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This page contains a single entry from the blog posted on January 20, 2006 4:05 PM. The previous post in this blog was The special today is pork. The next post in this blog is Book of the Week. Many more can be found on the main index page or by looking through the archives.

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Friday, January 20, 2006

Cha-ching

The South Waterfront district development continues to gobble up local tax dollars like a Pac Man on steroids. The fine folks at the Portland Development Commission are meeting on Wednesday, when they'll officially amend their budget to throw another $2.58 million in this fiscal year for the aerial tram (apparently, rather than waiting 'til next year as originally planned to spend that much). They're also apparently adding $2.54 million for that $7 million contaminated Public Storage property that's been purchased for the yuppie park.

Read it and weep on page 10 of this pdf document.

Comments (12)

More money for the "park"?

Does that mean they'll return the $1 million+ they raided from the Parks Bureau budget?

I mean, really, the price shouldn't have changed since the last time, should it? I thought that was a stupid done deal.

Hell, if it's not, bail on that one, too!

Also, I understand the land the storage facility is built on has toxic contamination, too? The current owner is going to clean that up? Or, the source of the contamination, at least?

The city (YOU AND ME) will be responsible for the toxic waste in the Moody St. Park.

One should also wonder why the City would wait two years to purchase the Park land when it was an early requirement of the Planning Process to have a park of this size. (actually there were four parks designated a few years ago throughout the mile plus length of NM) By waiting these 2 years plus, the land value has more than doubled. So we are stuck paying $7.2M for just the block vs $2M to $3M if purchased two or more years ago. That is City of Portland fiscal planning. And still in the recently proposed 5 year budget for NM released at the URAC meeting this wseek, the park improvements are unfunded-no money.

I don't know how true this is, but the tale is that the NM/SoWhat planning area already had a designated area for parks, but Williams wanted to build a condo tower on the site, so he talked the city (PDC) into purchasing the storage facility land for park space. Williams makes more money and avoids the extra costs of having to deal with the toxic site.

It must be nice to have a government assuring that you don't lose money.

Jack, you're a tax expert, correct? Is it true that Oregon Revised Statutes provide a mechanism for local government borrowing to be referred to the ballot, provided enough registered voters sign a petition? Does this apply to rrban renewal borrowing as well? A well organized effort to gather enough signatures to refer PDC borrowing to the ballot could shut down this project, as well as others, could it not??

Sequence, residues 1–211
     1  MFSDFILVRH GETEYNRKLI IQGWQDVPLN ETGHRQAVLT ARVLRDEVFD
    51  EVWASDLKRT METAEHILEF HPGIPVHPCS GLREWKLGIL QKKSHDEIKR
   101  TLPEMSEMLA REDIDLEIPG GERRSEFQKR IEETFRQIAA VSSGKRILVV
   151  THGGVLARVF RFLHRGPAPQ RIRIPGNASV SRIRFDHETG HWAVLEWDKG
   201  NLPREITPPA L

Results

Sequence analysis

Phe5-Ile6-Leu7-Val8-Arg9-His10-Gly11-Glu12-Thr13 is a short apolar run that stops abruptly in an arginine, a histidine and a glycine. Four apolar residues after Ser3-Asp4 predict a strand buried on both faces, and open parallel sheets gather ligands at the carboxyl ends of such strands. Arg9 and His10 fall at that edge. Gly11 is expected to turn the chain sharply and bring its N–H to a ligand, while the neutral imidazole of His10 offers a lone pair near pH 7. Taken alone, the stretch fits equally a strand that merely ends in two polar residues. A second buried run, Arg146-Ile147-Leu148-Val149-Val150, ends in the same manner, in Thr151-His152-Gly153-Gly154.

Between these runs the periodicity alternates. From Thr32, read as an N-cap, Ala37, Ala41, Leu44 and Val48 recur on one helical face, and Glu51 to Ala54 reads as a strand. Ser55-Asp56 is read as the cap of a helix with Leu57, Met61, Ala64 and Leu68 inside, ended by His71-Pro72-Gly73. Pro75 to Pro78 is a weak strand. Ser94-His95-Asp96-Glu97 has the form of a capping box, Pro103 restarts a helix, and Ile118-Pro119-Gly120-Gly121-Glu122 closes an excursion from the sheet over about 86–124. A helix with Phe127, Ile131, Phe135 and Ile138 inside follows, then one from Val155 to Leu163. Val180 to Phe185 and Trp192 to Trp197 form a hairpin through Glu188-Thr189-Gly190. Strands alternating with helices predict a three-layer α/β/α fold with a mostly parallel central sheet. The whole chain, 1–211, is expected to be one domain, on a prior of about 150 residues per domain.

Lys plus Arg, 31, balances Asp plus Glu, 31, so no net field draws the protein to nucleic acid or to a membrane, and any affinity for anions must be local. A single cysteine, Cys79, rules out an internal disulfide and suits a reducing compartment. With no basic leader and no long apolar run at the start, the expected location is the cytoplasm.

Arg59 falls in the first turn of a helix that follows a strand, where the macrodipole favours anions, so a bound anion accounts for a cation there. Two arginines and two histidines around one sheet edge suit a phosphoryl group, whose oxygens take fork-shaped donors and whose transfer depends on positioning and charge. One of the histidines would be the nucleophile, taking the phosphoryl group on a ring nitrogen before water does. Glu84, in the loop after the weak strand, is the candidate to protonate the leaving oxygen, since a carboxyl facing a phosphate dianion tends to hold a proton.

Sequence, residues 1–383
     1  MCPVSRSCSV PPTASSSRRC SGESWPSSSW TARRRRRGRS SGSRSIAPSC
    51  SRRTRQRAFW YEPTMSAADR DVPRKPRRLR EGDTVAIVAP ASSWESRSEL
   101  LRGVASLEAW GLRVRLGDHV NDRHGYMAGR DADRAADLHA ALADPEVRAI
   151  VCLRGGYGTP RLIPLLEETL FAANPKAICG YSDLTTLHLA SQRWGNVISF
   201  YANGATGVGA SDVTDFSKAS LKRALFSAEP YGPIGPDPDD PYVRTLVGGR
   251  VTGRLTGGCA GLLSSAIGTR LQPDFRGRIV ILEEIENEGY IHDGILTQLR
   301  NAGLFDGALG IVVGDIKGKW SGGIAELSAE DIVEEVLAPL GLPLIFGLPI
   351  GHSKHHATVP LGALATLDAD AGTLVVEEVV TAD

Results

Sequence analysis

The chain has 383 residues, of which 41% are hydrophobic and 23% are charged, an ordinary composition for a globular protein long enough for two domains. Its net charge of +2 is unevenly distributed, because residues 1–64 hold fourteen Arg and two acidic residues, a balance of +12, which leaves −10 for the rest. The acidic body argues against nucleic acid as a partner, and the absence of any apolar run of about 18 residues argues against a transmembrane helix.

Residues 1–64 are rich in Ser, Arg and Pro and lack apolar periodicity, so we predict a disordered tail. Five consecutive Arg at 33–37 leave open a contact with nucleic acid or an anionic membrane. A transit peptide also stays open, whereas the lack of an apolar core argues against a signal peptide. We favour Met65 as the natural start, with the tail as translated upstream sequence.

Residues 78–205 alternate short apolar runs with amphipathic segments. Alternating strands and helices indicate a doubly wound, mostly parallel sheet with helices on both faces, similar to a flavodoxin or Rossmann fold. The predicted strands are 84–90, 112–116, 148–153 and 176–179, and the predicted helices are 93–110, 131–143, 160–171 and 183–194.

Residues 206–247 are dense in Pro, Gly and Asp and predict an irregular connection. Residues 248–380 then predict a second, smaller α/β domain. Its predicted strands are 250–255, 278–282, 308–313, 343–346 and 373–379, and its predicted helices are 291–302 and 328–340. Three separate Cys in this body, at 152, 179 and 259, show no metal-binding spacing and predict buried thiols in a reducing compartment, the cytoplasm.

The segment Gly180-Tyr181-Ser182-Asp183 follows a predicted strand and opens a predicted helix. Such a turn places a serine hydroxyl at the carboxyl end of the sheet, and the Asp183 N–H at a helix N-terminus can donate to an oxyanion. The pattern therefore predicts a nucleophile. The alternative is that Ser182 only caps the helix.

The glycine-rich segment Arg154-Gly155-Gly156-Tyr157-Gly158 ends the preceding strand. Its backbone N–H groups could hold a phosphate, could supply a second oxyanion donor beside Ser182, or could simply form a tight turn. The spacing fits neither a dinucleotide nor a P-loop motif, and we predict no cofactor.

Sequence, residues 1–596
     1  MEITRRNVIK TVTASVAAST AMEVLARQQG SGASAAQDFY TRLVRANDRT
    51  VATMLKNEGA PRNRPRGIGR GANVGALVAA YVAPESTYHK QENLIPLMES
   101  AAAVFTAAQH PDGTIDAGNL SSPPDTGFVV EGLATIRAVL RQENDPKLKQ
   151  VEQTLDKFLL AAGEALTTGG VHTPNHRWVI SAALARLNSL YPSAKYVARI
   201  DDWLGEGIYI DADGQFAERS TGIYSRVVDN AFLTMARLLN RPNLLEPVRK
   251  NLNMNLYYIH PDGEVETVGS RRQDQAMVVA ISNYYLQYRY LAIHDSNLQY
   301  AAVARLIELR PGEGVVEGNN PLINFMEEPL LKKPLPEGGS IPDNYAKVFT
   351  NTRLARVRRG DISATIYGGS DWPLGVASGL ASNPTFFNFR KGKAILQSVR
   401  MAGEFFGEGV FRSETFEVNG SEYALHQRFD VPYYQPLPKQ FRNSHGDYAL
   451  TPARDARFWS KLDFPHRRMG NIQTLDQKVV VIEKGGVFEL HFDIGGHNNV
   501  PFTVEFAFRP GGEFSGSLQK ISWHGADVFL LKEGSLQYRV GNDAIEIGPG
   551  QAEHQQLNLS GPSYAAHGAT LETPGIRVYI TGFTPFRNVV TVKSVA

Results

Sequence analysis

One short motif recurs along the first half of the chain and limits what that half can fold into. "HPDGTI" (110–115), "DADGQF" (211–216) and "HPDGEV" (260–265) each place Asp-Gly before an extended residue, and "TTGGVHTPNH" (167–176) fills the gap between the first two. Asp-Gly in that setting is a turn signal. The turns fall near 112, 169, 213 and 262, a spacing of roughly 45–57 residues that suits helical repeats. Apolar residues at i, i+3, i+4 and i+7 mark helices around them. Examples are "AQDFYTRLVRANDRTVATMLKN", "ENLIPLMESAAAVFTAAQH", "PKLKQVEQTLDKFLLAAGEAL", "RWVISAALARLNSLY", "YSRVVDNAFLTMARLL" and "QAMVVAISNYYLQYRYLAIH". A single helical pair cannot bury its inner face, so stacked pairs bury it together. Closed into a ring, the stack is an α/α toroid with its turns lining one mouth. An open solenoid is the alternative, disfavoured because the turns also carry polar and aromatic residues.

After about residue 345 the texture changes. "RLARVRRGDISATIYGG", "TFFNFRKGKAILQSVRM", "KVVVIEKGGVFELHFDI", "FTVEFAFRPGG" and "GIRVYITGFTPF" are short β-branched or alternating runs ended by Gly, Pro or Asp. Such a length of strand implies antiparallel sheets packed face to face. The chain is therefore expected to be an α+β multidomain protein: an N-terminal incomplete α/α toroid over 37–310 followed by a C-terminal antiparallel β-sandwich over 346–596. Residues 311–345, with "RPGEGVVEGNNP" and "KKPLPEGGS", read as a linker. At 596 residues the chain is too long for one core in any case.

The $2.54 million is because PDC acted on the mistaken belief that "RMV" at the assessors office actually means real market value. Instead, it is a low-ball number aimed that serves usually nefarious objectives. If this is incompetence shrouded in wishful thinking, not much can be done. If its negligence or malfeasance, then one could argue that it's fraud.

Over at garagewine.blogspot.com, the case is made for an inquiry into whether fraud was committed by Matt Brown and Vic Rhodes regarding the Tram [rimshot] costs.

I realize that this is an absolute wasted effort on my part, but there are places that have been built in America were the developer builds, or pays for the parks, streets, lighting, etc. It is not necessarily a function of the government to do these things. A huge portion of Chicago and Kansas City were developed by private organization, or individual builders who took on the responsibility to do the entire project themselves. Why the hell is the city paying for this or any park in a new development?
These people can't run their own lives, but they want to run mine?
M.W.

gordo wrote
""""""I don't know how true this is, but the tale is that the NM/SoWhat planning area already had a designated area for parks, but Williams wanted to build a condo tower on the site, """""""""
I've posted that tale several times because it is true and the park would have been in a far preferable location.
Just another rotten angle to this whole mess.

A mess which lands upon the PDC commissioners who should resign.

What have they been doing? Approving everything the developers want.